2014-07-04 Help to improve webpack by filling out this little survey. Thanks!

Note that Hot Module Replacement (HMR) is still an experimental feature.

Introduction

Hot Module Replacement (HMR) is a way of exchanging modules in a running application (and adding/removing modules). You basically can update changed modules without a full page reload.

Prerequirements

How does it work?

From the app view

The app code asks the HMR runtime to check of updates. The HMR runtime downloads the updates (async) and tell the app code that an update is available. The app code asks the HMR runtime to apply updates. The HMR runtime applies the update (sync). The app code may or may not require user interaction in this process (you decide).

From the compiler (webpack) view

In addition to the normal assets the compiler need to emit the “Update” to allow updating from previous version to this version. The “Update” contains two parts:

  1. the update manifest (json)
  2. one or multiple update chunks (js)

The manifest contains the new compilation hash and a list of all update chunks (2.).

The update chunks contains code for all updated modules in this chunk (or a flag if a module was removed).

The compiler addtionally makes sure that module and chunk ids as consistent between these builds. It uses a “records” json file to store them between builds (on it store them in memory).

From the module view

HMR is a opt-in feature, so it only affects modules that contains HMR code. The documentation describes the API that is available in modules. In general the module developer writes handlers that are called when a dependency of this module is updated. He can also write a handler that are called when this module is updated.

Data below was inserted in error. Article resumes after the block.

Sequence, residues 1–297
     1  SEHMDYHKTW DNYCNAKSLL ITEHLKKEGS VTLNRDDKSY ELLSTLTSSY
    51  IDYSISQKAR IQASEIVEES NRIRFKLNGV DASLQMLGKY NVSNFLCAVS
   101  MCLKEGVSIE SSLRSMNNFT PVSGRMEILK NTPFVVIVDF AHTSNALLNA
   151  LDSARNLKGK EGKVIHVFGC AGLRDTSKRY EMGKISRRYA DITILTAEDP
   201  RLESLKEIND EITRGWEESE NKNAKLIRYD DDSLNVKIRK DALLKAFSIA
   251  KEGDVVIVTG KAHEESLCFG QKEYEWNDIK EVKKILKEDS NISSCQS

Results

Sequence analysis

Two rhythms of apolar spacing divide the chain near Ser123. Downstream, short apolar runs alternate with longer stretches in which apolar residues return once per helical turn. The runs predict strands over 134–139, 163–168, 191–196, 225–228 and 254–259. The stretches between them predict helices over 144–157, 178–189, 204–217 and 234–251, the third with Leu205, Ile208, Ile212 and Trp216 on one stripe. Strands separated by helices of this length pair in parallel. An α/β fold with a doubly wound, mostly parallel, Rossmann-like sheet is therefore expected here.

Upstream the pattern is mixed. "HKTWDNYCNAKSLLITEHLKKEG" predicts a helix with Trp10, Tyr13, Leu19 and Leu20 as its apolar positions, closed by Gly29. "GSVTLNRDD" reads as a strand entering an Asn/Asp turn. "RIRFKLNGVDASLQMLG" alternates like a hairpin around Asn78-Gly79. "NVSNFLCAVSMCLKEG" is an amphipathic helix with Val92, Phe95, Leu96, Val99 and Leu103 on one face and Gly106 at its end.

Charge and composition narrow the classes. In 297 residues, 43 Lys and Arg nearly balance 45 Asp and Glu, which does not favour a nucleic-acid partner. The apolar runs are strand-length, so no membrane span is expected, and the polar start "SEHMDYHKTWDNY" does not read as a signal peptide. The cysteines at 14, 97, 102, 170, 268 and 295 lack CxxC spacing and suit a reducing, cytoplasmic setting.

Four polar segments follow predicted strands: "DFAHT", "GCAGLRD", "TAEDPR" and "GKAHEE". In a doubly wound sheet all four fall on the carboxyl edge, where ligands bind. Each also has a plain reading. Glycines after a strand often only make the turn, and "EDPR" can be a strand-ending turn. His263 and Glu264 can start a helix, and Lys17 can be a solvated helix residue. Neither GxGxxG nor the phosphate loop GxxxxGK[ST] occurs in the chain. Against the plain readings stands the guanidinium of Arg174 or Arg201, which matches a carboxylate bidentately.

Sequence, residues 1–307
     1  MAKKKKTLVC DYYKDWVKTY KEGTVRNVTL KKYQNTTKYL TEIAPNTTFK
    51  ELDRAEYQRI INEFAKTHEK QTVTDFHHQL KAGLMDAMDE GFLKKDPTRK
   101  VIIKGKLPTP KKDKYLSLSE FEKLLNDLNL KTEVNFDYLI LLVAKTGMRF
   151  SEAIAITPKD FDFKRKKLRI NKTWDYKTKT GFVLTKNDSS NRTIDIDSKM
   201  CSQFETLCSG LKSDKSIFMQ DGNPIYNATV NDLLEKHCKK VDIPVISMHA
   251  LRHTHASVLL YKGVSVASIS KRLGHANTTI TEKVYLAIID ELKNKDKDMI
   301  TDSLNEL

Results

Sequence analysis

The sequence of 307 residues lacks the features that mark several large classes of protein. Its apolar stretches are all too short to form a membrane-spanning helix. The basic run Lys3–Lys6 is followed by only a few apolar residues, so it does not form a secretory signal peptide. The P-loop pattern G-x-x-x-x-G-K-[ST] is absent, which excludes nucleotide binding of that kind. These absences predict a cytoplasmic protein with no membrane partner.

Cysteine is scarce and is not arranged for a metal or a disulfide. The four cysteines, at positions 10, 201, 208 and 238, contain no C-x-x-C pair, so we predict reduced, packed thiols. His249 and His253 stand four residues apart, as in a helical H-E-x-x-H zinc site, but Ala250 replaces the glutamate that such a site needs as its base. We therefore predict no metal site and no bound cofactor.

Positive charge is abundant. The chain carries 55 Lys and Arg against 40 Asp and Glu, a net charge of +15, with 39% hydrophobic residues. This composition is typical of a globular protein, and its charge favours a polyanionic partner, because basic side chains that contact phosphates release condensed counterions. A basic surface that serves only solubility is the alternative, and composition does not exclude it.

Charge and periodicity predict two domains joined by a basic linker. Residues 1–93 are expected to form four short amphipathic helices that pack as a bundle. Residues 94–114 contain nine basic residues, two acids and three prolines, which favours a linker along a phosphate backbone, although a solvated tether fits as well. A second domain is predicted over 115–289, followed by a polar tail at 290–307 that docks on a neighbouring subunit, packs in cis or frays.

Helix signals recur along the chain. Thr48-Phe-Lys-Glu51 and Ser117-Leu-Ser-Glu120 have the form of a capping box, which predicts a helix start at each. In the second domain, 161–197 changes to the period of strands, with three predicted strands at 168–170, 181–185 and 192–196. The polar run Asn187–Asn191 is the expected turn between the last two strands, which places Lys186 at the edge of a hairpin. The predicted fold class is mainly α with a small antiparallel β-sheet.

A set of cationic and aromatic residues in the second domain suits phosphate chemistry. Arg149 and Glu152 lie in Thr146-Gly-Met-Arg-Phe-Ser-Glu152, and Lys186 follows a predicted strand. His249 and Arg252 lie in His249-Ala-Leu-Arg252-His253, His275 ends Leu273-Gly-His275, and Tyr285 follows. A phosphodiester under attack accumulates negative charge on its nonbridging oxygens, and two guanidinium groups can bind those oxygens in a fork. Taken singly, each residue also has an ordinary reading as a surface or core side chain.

In most cases it’s not mandatory to write HMR code in every module. If a module has no HMR handlers the update bubbles up. This means a single handler can handle a update to a complete module tree. If a single module in this tree is updated, the complete module tree is reloaded (only reloaded not transferred).

From the HMR runtime view (technical)

For the module system runtime is additional code emitted to track module parents and children.

On the management side the runtime supports two methods: check and apply.

A check does a HTTP request to the update manifest. When this request fails, there is no update available. Elsewise the list of updated chunks is compared to the list of currently loaded chunks. For each loaded chunk the corresponding update chunk is downloaded. All module updates as stored in the runtime as update. The runtime switches into the ready state, meaning an update has been downloaded and is ready to be applied.

For each new chunk request in the ready state the update chunk is also downloaded.

The apply method flags all updated modules as invalid. For each invalid module there need to be a update handler in the module or update handlers in every parent. Else the invalid buddles up and mark all parents as invalid too. This process continues until no more “bubble up” occurs. If it bubbles up from an entry point the process fails.

Now all invalid modules are disposed (dispose handler) and unloaded. Then the current hash is updated and all “accept” handlers are called. The runtime switches back to the idle state and everything continues as normal.

Generated files (technical)

The left side represents the inital compiler pass. The right side represents an additional pass with module 4 and 9 updated.

generated update chunks